Note: To obtain the right answer the scores MUST be in numerical order.
With an odd number of scores (i.e.15 scores) the median is simply the
middle number after you have arranged the scores in numerical order.
With an even number of scores add the two middle numbers and divide by
two. For the median the scores must be in numerical order. Failure to do so will result in
a wrong answer.
10 \u2013 3 = 7
Note: the range is not a good measure of variation. It does not say anything about the
other scores in the distribution. For the numbers 2, 4, 5, 4, 3, 10 the range is 8. For the
numbers 2, 8, 7, 8, 9, 10 the range is also 8. For the first set the mode, median and mean
are 3, 4 and 4.67, respectively. Meanwhile, for the second set the mode, median and
mean are 8, 8, and 7.34, respectively.
One of the great longstanding debates in psychology is whether our genes or our environment are more
important in determining our psychological makeup. This lab will consider the nature-nurture debate. One way
to study this issue is to compare pairs of identical twins who have been separated at birth and reared in different
households. The twins share the exact same genes, but are exposed to distinct environments. When the twins
grow up, we can measure how similar they are in their likes and dislikes to determine how great an influence
their genes have had on their behavior.
Consider the case of identical twins Jerry Levey and Mark Newman (pictured in your text). Separated as
infants, they grew up to share characteristics ranging from the firefighting avocation to taste in beer.
Neither knew of the other\u2019s existence until a shared acquaintance brought them together. Upon meeting
for the first time each saw his own reflection. They had grown the same mustache and sideburns, and
each wore the same glasses. As the brothers talked, they discovered they had more than looks in common.
Levey went to college and graduated with a degree in forestry. Newman planned to go to college to study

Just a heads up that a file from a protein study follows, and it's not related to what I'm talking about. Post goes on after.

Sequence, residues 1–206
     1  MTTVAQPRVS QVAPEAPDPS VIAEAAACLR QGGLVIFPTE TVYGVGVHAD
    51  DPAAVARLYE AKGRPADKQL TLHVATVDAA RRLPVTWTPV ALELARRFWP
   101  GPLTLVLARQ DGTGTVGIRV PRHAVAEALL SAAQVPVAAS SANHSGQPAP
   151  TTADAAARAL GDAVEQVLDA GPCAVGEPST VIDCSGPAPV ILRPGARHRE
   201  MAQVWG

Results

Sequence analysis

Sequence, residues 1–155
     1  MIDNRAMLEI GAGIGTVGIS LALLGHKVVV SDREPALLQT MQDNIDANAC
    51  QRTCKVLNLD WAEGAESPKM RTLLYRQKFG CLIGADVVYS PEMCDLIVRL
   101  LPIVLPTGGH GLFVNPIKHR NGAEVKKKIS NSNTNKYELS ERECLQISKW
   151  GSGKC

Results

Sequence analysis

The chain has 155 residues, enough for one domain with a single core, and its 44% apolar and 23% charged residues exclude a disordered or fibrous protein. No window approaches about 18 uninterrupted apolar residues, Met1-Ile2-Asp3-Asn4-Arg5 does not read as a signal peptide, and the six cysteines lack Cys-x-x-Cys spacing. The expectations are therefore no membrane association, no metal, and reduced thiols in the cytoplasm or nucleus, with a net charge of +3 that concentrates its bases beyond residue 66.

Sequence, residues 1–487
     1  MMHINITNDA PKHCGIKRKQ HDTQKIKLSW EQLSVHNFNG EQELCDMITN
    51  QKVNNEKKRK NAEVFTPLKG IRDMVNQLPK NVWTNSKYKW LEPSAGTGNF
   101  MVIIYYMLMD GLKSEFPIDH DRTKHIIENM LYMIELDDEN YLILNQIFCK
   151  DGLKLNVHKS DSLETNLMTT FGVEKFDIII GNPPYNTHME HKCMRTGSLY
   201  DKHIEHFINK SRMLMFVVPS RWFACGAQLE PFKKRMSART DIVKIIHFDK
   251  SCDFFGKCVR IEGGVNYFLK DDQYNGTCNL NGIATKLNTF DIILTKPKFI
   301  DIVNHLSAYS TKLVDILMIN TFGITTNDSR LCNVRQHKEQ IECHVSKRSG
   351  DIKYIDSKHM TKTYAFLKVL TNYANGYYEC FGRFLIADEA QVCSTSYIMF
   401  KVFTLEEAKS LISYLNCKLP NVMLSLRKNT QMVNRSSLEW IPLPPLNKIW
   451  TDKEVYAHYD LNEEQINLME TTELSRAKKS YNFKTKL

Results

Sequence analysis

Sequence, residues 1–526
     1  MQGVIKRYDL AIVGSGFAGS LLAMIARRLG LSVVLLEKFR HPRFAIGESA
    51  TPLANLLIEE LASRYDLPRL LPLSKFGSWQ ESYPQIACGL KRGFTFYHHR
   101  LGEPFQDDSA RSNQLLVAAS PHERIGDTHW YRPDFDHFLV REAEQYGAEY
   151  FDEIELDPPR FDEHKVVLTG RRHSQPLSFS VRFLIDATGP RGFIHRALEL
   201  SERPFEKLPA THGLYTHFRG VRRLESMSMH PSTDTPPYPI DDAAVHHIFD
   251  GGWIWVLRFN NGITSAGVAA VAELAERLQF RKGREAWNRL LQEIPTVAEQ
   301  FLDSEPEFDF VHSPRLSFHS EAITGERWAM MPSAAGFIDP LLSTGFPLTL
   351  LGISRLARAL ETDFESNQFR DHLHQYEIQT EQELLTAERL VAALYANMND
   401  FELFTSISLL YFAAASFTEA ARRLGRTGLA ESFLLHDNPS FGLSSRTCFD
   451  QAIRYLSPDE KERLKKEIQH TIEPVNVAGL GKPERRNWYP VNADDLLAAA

the same subject but opted to work for the city trimming trees. Both worked for a time in supermarkets.
Levey had a job installing sprinkler systems. Until recently, Newman had a job installing fire alarms.
Both men are bachelors attracted to similar women\u2014\u201ctall, slender, long hair.\u201d In addition to being
volunteer firemen, they both share favorite pastimes of hunting, fishing, going to the beach, watching old
John Wayne movies and pro wrestling, and eating Chinese food in the wee hours after a night on the
town. Both were raised in the Jewish faith but neither is particularly religious. Both men drink only
Budweiser beer, holding the can with one pinkie curled underneath and crushing the can when it\u2019s empty.
In becoming acquainted, observes Jerry, \u201cwe kept making the same remarks at the same time and using
the same gestures. It was spooky . . . He is he and I am I, and we are one.\u201d
Obviously, the twins in this case study share some amazing similarities. One criticism of these studies,
however, is that almost any two strangers are likely to share a slew of coincidental similarities. To test this idea,
pair up now with someone in the class that you don\u2019t know well and complete the questionnaire on the next
page together. For each item, decide whether you and your teammate are alike or different. You have 5 minutes
to finish the questionnaire. When you are done, add up the number of similarities.
This action might not be possible to undo. Are you sure you want to continue?